The trade season kicked into hyperdrive Sunday with the news that All-Star Kyrie Irving is heading to the Dallas Mavericks. Only a couple of days after reports surfaced that Irving was requesting a trade, the Brooklyn Nets sent Irving and Markief Morris to Dallas for former Net Spencer Dinwiddie, forward Dorian Finney-Smith, a 2027 and 2029 second-round pick, and a 2029 first-round pick.
The trade wasn’t a shock, as the Nets did not want to keep Irving past the deadline. It was reported that the Nets told teams that they would move Irving to another team quickly. The trade to the Mavericks was surprising, though, as many considered the Los Angles Lakers the favorite to land Irving. More news has emerged since the Irving trade, and we may know what other offers were on the table.
Were the reported trade offers the Nets received from other teams better than the Mavericks deal?
After the Irving trade, some interesting information came out about the short but active trade talks. First, a report surfaced that Joe Tsai, the Nets owner, made it a point not to trade Irving to his preferred destination, the Lakers, which is part of why he went with the Mavericks trade.
We also got a report from Chris Haynes of TNT sports and Bleacher Report, who Tweeted that the Nets received offers from the Lakers and Phoenix Suns.
Sources: Brooklyn Nets received Los Angeles Lakers’ proposal that did include team’s two first-round picks (2027, 2029) and Phoenix Suns’ offer of Chris Paul, Jae Crowder and unspecified picks: @NBATV pic.twitter.com/cJuABbaYGy
— Chris Haynes (@ChrisBHaynes) February 6, 2023
The Lakers offer reportedly involved sending Russell Westbrook and their 2027-2029 first-round picks. It has long been assumed that the Lakers did not want to part with both of their future first-round picks, but it seems they have changed course on that thinking. However, with the report that Joe Tsai wasn’t keen on fully giving into Irving’s demands, it seems the Lakers never had a chance to complete this trade. Even if the Nets were seriously interested in sending Irving to the Lakers, a move involving Westbrook wouldn’t have been the best trade either.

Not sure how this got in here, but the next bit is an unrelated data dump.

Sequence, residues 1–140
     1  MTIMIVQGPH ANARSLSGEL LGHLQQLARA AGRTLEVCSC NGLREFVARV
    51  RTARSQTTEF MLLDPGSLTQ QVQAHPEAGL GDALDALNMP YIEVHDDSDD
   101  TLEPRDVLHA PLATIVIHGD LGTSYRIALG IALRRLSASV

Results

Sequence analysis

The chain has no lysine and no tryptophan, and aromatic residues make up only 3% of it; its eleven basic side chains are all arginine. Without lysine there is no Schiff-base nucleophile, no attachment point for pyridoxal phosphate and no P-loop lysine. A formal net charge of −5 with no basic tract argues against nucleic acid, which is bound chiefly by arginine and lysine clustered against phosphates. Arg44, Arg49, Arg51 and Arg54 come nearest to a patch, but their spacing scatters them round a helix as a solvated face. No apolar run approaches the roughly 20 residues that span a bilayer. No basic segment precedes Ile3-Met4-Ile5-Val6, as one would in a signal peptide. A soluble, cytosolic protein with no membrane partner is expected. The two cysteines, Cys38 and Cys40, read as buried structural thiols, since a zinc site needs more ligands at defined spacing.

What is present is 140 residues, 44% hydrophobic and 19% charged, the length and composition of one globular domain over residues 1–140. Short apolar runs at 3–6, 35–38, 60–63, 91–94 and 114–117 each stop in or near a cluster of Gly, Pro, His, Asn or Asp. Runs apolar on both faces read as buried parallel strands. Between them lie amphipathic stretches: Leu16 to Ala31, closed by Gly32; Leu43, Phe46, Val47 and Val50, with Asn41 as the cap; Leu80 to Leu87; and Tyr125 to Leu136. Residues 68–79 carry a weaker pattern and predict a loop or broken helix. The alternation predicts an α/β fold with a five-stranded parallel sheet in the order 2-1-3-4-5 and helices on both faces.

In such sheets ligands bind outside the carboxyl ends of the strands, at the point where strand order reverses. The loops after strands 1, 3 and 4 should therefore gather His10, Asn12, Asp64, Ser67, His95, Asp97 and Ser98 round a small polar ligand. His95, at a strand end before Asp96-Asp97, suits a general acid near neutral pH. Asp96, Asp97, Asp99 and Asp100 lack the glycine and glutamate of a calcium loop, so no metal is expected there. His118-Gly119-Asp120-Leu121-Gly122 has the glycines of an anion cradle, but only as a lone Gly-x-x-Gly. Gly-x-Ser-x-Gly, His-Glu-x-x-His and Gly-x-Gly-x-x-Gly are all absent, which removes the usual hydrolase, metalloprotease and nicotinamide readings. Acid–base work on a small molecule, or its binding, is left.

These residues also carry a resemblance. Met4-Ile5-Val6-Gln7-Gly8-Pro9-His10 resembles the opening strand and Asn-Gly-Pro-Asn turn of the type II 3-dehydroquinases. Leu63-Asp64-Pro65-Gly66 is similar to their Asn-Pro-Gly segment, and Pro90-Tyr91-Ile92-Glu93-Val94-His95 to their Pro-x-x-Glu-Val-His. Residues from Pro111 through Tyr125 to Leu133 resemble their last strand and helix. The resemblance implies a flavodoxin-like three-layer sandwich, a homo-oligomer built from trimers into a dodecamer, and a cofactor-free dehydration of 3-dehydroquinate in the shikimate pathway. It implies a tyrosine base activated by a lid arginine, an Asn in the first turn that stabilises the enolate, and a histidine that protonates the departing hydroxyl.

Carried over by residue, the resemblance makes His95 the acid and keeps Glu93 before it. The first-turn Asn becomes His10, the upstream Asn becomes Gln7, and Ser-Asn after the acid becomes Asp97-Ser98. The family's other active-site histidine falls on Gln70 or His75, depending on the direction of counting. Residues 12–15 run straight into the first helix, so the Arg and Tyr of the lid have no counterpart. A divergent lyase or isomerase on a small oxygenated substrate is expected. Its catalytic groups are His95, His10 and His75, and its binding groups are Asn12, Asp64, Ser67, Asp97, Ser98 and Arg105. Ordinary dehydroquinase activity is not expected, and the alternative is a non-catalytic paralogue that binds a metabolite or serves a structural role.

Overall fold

There was also another reported trade offer that, in my opinion, was the better deal. Chris Paul, Jae Crowder, and the unnamed picks, but the Nets also passed on this deal. Paul is owed over $30 million next season and 30 million in 2023-24.
Why the Phoenix Suns deal was a better option
This deal is a better offer because Paul’s contract is only partially guaranteed next season, and there is no guaranteed money in the last season of his contract. So if for some reason, it doesn’t work out or Kevin Durant revisits his own trade demand, you can still move on from Paul, and it won’t wreck your cap space.
Paul does have a long injury history and is probably beyond his prime years, but after struggling to start the season, he has slowly gotten back to the CP3 we have seen the last few seasons. Yes, the Irving and Durant pairing is more dynamic and a bigger threat out East, but having a steadying hand like Paul run the point has its own benefits. You never have to worry about Paul deciding he doesn’t want to play or starting controversies with statements he makes.
Paul could have helped guide the team throughout the season and still provided flashes of his former All-Star level play. You also add in Crowder, who hasn’t played this season, as he is dealing with his own dispute with the Suns. Crowder would have given the Nets another 3 and D player who can play either forward spot and give the Nets roster more flexibility.
Yes, Dinwiddie and Finney-Smith are good players and can contribute in many ways, but neither can have the impact Chris Paul can bring to a team. As I mentioned earlier, you wouldn’t have to worry about being anchored to Paul’s massive contract beyond a partial guarantee next season. Instead, you could have paired Durant with another future Hall of Famer.
The trade with the Mavericks doesn’t move the needle for the Nets, and now you run the risk of Durant also requesting a trade this season or during the off-season. It’s not guaranteed that Durant would not request a trade even if you brought in Paul, but at least it gave you a better chance of keeping Durant. There is no way Durant is going to want to stay with the Nets if he is the only star-level player on the team.
The Nets were in a bad spot, with Irving requesting a trade only days before the deadline and making a quick and decisive move. Unfortunately, I feel they made the wrong move, which could set them back even further.